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Old 09-03-2019, 07:29 PM   #8
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Mind those shocks. There are reports of broken mounts with non OEM shocks......
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Old 09-03-2019, 09:22 PM   #9
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i use 56 psi cold(20C) on as 22fb.
i have Michele 16" tires and only 1 axle
when driving the hot(35C) goes up to 65 psi

4500 lbs on 2 tires/1 axle needs each tire has to support 2250 lbs

if you have 2 axle, you can use less psi
7500 lbs on 4 tires/2 axle needs each tire support 1875 lbs

if you have 3 axle, you can use less psi
9000 lbs on 6 tires/3 axle needs each tire support 1500 lbs
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Old 09-04-2019, 06:15 AM   #10
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Quote:
Originally Posted by GOUSC View Post
2018 Globtrotter
Goodyear Endurance 80 psi max cold pressure
Outside Temp 95+ degrees

With 80 psi cold inflation and the above temps my TPMS system has shown psi to go to 94-96 and tire temps to 115-119. At this psi I get thrown pillows and some popped rivers in my overhead cabinets.

With 65 psi cold inflation I have 14% margin for my load as weighed on the CAT scales. PSI goes to 79 and temps to 104-107. No thrown pillows or popped rivers and a smoother ride.

I figure if the 65 psi cold pressure doesnt exceed my 80 psi readings Im OK. Is this good logic or flawed?
There are a few things that bother me.

1) A pressure buildup from 80 psi to 95 psi is almost 20%. The rule of thumb says not to exceed 10% and anything over 15% is dangerous.

2) But using the Ideal Gas Law, a pressure buildup from 80 to 95 psi starting at 95F would NOT result in a temperature of 105F. It would result in 183F - which is way, way too high.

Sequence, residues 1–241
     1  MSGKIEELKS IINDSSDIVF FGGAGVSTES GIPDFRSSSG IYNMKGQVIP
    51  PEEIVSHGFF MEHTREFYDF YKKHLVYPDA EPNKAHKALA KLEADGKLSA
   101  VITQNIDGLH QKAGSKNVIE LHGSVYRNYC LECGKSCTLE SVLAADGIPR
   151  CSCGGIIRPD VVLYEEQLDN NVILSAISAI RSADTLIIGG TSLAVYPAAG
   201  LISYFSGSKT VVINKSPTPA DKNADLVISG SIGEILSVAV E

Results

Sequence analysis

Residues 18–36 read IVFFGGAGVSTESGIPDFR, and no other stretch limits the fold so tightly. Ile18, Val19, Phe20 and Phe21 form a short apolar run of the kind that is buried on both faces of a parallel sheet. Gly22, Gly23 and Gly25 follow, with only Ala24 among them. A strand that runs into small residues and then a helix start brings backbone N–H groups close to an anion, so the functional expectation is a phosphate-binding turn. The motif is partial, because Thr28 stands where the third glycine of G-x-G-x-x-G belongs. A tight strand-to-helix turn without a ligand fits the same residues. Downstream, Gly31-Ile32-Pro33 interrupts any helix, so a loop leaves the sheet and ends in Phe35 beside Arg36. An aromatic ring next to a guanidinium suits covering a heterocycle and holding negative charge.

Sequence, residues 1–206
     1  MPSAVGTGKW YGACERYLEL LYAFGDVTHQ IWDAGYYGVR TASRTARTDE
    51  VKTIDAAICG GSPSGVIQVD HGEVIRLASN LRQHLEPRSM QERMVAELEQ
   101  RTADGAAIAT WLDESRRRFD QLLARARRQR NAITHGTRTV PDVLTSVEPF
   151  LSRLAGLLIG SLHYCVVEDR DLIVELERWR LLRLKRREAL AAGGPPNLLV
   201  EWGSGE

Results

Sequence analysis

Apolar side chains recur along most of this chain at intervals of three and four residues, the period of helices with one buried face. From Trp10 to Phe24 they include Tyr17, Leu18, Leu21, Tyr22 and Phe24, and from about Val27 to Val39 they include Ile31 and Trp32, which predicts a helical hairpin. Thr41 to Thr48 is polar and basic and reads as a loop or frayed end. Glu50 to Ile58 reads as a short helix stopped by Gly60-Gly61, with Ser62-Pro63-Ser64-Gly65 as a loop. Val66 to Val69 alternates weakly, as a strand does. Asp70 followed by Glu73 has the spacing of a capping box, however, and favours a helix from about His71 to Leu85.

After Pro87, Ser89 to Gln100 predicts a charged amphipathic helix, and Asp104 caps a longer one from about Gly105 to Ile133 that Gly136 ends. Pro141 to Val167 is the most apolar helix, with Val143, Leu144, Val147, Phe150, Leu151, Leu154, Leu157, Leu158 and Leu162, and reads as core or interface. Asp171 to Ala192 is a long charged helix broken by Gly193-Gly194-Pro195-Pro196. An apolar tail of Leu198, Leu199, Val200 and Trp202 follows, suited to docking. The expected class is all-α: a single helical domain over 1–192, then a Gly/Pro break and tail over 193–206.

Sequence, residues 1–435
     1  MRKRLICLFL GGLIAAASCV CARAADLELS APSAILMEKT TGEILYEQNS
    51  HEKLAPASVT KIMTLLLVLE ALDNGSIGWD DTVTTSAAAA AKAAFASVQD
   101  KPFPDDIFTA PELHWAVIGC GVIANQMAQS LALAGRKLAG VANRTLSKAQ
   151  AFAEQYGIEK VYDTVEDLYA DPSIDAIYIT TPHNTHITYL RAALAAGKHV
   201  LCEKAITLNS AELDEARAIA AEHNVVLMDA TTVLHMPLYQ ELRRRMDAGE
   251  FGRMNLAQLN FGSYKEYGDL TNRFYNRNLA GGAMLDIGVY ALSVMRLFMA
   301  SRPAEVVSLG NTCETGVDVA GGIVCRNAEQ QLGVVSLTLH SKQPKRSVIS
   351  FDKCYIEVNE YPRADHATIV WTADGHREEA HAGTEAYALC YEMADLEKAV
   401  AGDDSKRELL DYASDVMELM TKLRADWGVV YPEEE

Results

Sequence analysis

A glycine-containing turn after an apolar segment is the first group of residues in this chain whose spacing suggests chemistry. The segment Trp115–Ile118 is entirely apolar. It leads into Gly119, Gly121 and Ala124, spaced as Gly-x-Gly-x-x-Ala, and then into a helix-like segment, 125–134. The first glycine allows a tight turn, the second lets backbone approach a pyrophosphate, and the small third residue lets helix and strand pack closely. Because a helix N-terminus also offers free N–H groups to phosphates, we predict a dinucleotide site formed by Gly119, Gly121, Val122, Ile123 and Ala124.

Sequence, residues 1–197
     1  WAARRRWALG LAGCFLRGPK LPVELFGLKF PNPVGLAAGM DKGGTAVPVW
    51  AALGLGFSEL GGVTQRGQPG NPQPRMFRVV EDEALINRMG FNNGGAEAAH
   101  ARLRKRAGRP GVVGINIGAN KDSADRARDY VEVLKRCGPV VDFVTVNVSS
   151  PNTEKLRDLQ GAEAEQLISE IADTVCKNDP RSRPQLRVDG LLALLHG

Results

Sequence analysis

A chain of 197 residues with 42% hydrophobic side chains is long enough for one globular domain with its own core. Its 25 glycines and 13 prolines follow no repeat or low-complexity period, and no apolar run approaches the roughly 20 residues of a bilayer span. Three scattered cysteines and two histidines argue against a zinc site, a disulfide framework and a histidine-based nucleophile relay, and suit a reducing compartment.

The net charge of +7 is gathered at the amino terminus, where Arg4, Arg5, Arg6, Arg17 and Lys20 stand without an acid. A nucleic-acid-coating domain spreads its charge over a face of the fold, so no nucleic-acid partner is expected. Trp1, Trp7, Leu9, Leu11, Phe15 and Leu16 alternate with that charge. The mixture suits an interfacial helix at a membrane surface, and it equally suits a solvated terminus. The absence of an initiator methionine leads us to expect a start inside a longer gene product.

So one of those is wrong. I suspect it is the pressure value as the load carrying capacity at 65 psi results in a 14% reserve.

So plugging that back in to the Ideal Gas Law formula, I get a pressure rise from 80 to 82 psi results in 107F - and that doesn't seem right either.

And that makes me think there is something wrong with ALL those numbers.
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Old 09-04-2019, 06:48 AM   #11
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There are a few things that bother me.

1) A pressure buildup from 80 psi to 95 psi is almost 20%. The rule of thumb says not to exceed 10% and anything over 15% is dangerous.

2) But using the Ideal Gas Law, a pressure buildup from 80 to 95 psi starting at 95F would NOT result in a temperature of 105F. It would result in 183F - which is way, way too high.

So one of those is wrong. I suspect it is the pressure value as the load carrying capacity at 65 psi results in a 14% reserve.

So plugging that back in to the Ideal Gas Law formula, I get a pressure rise from 80 to 82 psi results in 107F - and that doesn't seem right either.

And that makes me think there is something wrong with ALL those numbers.